The best flavor from sage is when it is used fresh. Place a few leaves under the skin of a baking chicken or turkey. Sage may also be dried in a dehydrator (90-95 degrees), in the oven for a few minutes (120 degrees), or in a paper bag in the trunk of your car on very hot days. Dry sage until it is as crumbly as frosted flake cereal.

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Thyme (Thymus vulgaris)

Common Thyme
There are many varieties of thyme, but generally all do well planted in well-drained, sandy soil, in full sun. Thyme also does well planted in containers. It grows to 12 inches high and plants should be placed 12 to 18 inches apart. In the spring, cut the woody stems back by about half to encourage healthy new growth. You need to divide the clumps every couple of years to keep them tidy and vigorous. If you would like more plants, the easiest way is to divide them in the spring. Thyme can also be propagated by root stem cuttings. Thyme can be harvested early and later in the season, but you should stop harvesting late in the summer to help the plant over winter without damage. Thyme is hardy in zones 4-9.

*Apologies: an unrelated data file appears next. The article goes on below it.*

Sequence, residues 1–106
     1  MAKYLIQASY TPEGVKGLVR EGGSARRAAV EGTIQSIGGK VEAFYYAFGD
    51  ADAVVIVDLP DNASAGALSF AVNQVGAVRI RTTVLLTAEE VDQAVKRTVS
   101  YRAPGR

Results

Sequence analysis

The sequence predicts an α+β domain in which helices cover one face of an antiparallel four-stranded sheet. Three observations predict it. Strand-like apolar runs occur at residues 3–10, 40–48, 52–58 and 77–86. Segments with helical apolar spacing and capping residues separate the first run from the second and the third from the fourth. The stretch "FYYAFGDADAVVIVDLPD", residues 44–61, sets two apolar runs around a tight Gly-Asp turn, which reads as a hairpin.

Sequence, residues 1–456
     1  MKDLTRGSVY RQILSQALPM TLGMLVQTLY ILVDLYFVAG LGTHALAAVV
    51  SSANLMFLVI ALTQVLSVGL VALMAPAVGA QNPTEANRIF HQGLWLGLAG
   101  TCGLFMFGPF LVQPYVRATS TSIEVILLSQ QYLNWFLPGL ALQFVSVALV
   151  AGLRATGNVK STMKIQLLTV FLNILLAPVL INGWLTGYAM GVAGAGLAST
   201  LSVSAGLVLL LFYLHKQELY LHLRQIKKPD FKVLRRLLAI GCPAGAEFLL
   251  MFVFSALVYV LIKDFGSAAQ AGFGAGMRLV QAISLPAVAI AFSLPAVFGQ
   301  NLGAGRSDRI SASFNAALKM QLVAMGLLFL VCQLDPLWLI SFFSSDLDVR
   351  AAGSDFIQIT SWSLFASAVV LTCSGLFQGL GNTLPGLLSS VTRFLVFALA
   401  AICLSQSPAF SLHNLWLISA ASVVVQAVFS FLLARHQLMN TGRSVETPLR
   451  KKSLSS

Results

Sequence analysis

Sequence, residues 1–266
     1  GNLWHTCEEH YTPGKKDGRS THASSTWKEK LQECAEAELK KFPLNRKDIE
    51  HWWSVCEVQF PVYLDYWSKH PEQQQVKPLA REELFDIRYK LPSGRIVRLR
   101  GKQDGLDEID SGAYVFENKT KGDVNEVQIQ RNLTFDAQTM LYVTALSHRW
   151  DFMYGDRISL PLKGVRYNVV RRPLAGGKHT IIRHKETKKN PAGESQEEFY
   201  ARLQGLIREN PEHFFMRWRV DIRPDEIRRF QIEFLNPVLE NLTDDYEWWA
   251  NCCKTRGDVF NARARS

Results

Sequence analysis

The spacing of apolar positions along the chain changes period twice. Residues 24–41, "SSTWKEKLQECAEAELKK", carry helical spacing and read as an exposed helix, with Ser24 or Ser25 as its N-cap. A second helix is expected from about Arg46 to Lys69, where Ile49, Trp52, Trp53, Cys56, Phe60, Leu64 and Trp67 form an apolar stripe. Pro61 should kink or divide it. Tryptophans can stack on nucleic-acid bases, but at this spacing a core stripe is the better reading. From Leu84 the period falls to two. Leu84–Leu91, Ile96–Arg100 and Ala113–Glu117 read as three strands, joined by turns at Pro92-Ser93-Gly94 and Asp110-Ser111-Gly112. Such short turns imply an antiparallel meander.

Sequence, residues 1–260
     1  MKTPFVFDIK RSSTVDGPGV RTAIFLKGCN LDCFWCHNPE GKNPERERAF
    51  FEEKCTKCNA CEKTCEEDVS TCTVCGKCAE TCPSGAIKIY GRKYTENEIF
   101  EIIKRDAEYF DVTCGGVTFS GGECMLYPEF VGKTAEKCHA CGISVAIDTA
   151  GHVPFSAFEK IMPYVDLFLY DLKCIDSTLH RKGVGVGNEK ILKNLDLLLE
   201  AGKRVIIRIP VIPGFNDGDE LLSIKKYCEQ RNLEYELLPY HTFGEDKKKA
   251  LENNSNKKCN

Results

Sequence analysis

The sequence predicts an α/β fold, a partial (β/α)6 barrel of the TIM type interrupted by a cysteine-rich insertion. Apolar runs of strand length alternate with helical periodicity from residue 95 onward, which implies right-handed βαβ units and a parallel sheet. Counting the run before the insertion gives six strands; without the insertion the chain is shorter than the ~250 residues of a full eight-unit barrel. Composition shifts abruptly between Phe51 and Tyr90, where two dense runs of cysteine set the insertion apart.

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Pineapple Sage (Salvia Elegans)

Pineapple sage is a tender perennial to zone 9. In most zones it is grown as an annual, planted in the spring after all danger of frost has past. As an annual, it may grow up to 3 feet tall, and should be planted in well drained, light, sandy soil. Space the plants 18-14 inches apart and fertilize with a all-purpose organic fertilizer after planting. If grown as a perennial, cut the plant back in the spring and fertilize.

Both the leaves and flowers (which are bright red and attract hummingbirds), can be used in culinary dishes and cosmetically.

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French Tarragon (A.dracunculus var.sativa)